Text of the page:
In this post, Larry Bartels provocatively claims that Rich People Rule! In a nutshell, Bartels argues (correctly) that more and more political scientists are producing multiple and smart independent analyses of the determinants of public policy, one of which, by Kalla and Broockman, I have already opined on (“Donation Discrimination Denotes Deliverance of Democracy“).
Bartel’s motivation for bringing this up is essentially this quote from this forthcoming article by Martin Gilens & Benjamin Page:
economic elites and organized groups representing business interests have substantial independent impacts on U.S. government policy, while mass-based interest groups and average citizens have little or no independent influence.
The Gilens and Page is an interesting read, if only because the data on which it is based is very impressive.
Unfortunately, the theory behind the work is not nearly as strong. In particular, the study is based on comparing observed position-taking by interest groups with (solicited) individual feedback on various surveys. So what? Well, there is at least one potential problem, containing two sub-points, the combination of which I’ll call the Pick Your Battles Hypothesis.
Pick your battles. Interest groups do not randomly announce positions on public issues. Rather, any interest group of political interest presumably attempts to influence public policy through strategic choices of not only what to say, but when to bother saying anything at all. While the mass public opinion data was presumably gathered by pollsters in ways to at least somewhat minimize individuals’ costs of providing their opinions, the interest groups had to pay the direct and indirect costs of getting their message(s) out. There’s two sub-points here, one more theoretical interesting than the other and the other presumably more empirically relevant.
Sub-point 1: Pick a winner. The theoretically interesting sub-point is that an organized “interest group” is/are the agents of donors and supporters. To the degree that donations and support are conditioned on the perceived effectiveness of the interest group, (the leaders/decision-makers of) an interest group will—ala standard principal-agent theory—have a greater incentive to pay the costs of taking a public position when they perceive that they are likely to “win.” If there is such a selection effect at work, then the measured correlation between policy and interest groups’ positions will be overestimated.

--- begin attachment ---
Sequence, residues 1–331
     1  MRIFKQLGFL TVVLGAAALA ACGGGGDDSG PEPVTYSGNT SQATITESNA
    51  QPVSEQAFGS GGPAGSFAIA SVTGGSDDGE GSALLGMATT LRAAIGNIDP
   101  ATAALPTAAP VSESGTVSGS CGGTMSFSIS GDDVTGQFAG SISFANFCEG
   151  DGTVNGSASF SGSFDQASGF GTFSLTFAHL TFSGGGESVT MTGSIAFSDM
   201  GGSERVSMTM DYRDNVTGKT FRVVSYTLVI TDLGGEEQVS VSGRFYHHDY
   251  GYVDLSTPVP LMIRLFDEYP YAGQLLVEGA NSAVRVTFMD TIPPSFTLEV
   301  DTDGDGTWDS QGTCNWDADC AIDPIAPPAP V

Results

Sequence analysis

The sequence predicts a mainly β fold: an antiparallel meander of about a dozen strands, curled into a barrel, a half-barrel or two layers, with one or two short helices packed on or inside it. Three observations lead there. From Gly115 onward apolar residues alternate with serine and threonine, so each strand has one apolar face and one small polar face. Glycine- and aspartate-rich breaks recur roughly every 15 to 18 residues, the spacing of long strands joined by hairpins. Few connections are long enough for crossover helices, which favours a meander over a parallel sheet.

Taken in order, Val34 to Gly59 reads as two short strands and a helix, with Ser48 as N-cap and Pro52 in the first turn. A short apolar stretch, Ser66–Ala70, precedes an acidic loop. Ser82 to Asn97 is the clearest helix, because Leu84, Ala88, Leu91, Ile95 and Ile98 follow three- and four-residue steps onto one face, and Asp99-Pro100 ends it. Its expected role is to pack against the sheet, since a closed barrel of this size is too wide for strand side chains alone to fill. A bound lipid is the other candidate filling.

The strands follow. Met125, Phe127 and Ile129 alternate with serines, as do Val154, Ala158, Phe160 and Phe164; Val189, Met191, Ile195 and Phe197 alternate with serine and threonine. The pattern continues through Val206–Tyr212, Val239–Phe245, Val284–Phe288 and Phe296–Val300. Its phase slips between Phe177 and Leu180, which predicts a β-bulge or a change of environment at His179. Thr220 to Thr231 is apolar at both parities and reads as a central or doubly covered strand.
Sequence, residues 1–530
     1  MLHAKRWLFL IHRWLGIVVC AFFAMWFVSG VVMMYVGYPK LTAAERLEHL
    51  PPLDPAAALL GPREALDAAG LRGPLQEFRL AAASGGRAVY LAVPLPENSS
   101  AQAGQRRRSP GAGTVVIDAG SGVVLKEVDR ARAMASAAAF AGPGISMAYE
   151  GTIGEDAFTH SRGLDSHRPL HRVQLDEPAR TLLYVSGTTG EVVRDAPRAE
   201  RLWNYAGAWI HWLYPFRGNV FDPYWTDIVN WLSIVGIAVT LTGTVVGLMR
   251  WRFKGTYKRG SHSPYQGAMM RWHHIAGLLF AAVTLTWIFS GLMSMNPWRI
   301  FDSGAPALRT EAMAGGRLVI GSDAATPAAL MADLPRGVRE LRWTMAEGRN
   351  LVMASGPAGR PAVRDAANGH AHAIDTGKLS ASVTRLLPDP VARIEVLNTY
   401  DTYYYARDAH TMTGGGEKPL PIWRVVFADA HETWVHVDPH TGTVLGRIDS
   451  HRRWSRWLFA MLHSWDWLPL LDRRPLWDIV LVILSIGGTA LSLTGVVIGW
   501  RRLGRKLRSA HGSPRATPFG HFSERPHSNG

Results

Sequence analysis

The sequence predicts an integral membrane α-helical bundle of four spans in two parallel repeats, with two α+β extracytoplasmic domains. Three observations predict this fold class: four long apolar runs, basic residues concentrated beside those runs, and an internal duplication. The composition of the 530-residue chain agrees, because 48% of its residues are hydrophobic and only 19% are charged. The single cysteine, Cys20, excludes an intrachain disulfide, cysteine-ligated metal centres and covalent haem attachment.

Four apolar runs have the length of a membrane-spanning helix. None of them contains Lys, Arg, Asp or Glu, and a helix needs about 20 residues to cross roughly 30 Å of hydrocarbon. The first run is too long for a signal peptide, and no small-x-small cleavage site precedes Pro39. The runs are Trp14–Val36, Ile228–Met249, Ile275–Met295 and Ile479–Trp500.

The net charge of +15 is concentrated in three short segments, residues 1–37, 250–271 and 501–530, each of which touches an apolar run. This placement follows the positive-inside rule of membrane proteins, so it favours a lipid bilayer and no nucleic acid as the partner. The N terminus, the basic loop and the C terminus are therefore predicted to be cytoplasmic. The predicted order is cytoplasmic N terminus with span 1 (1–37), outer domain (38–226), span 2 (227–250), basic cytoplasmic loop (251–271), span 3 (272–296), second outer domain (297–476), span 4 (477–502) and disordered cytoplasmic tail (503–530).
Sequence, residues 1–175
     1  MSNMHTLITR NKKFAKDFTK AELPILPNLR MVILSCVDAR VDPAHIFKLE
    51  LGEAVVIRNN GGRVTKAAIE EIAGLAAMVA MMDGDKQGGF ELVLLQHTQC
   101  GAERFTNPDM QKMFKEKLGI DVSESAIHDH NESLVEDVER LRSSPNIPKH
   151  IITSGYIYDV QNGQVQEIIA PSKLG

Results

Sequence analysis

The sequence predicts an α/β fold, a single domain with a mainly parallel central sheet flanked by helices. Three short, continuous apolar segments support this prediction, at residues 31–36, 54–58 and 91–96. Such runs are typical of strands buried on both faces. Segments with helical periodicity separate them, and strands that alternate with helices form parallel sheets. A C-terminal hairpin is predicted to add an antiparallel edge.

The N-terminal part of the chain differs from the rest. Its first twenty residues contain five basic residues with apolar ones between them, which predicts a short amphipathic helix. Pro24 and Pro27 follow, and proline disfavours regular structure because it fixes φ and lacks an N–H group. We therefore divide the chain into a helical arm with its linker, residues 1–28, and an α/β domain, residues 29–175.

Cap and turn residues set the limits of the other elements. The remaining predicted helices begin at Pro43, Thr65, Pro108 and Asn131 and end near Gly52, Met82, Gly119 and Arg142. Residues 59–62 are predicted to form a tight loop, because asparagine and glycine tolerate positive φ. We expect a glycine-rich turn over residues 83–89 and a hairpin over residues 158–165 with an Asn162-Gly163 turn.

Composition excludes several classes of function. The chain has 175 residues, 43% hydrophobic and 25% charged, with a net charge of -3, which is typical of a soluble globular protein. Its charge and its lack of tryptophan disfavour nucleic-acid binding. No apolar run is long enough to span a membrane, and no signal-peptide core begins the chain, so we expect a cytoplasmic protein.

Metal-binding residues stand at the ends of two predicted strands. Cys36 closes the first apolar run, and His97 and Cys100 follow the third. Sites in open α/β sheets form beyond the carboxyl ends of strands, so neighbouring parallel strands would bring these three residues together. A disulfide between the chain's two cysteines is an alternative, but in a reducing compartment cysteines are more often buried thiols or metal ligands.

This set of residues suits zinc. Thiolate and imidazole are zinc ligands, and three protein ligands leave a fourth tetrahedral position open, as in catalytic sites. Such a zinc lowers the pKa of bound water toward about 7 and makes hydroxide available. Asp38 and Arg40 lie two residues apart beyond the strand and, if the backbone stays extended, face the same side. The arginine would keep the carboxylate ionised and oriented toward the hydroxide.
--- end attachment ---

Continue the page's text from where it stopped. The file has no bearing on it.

Sub-point 2: Only Fight The Fights That Can Be Won. The more empirically relevant sub-point is that, even if one thinks that interest groups don’t fear being on the losing side of a public debate, the simple and cold reality of instrumental rationality is that, if making an announcement is costly, any interest group should make an announcement only when the announcement can actually affect something. Moving quickly here, this suggests that interest groups should be taking positions when they believe decision-makers might be persuaded. To the degree that these decision-makers are presumably at least somewhat responsive to public opinion (however measured), instrumentally rational (and probably asymmetrically informed) interest groups will be more likely to make announcements that run against relative strong public opinion than to join the chorus. If this is happening, the question of whether interest groups have too much influence depends on whether you think they have better or worse information and on the types of policies that their views are influential on.
Conclusion. As political scientists know, observational data is tricky. This is particularly true when it is the result of costly individual effort in pursuit of policy (and other) goals. I really like Gilens and Page’s paper—the realistic point of scholarly inquiry is not to be right, it’s to get ever closer to being right, and this is even more true with directly policy-relevant work. I just think that great data should be combined with at least a modicum of (micro-founded, individualistic) theoretical argument. Without that, we might think umbrellas cause rain, hiring a lawyer causes you to go to jail, or chemotherapy causes death from cancer. In other words, the analyst has simultaneously more data and less information than those he or she studies.
 Gilens and Page also compare responsiveness to mass opinions of economic elites (i.e., those in the 90th percentile in income) versus those of the median earner. While I have some issues with this comparison (for example, I imagine getting a representative sample of the 90th income percentile is a bit different than getting one of the median income earner and, as Gilens and Page acknowledge, the information held by and incentives of the rich are plausibly very different from those of median earners), I will focus on the interest group component of the analysis in this post.
 That this is not just hypothetical crazy talk is indicated by the relatively strong negative correlation (-.10***) between the positions of business interest groups and the average citizen’s preferences.